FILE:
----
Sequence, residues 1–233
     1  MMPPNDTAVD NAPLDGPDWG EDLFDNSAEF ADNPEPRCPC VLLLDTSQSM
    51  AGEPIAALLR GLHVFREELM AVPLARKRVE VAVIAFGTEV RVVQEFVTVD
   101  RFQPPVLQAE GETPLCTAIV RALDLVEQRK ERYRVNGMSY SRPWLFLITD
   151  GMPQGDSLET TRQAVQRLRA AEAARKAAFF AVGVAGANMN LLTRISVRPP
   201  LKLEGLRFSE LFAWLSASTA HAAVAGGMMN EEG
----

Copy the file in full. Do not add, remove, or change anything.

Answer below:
Sequence, residues 1–233
     1  MMPPNDTAVD NAPLDGPDWG EDLFDNSAEF ADNPEPRCPC VLLLDTSQSM
    51  AGEPIAALLR GLHVFREELM AVPLARKRVE VAVIAFGTEV RVVQEFVTVD
   101  RFQPPVLQAE GETPLCTAIV RALDLVEQRK ERYRVNGMSY SRPWLFLITD
   151  GMPQGDSLET TRQAVQRLRA AEAARKAAFF AVGVAGANMN LLTRISVRPP
   201  LKLEGLRFSE LFAWLSASTA HAAVAGGMMN EEG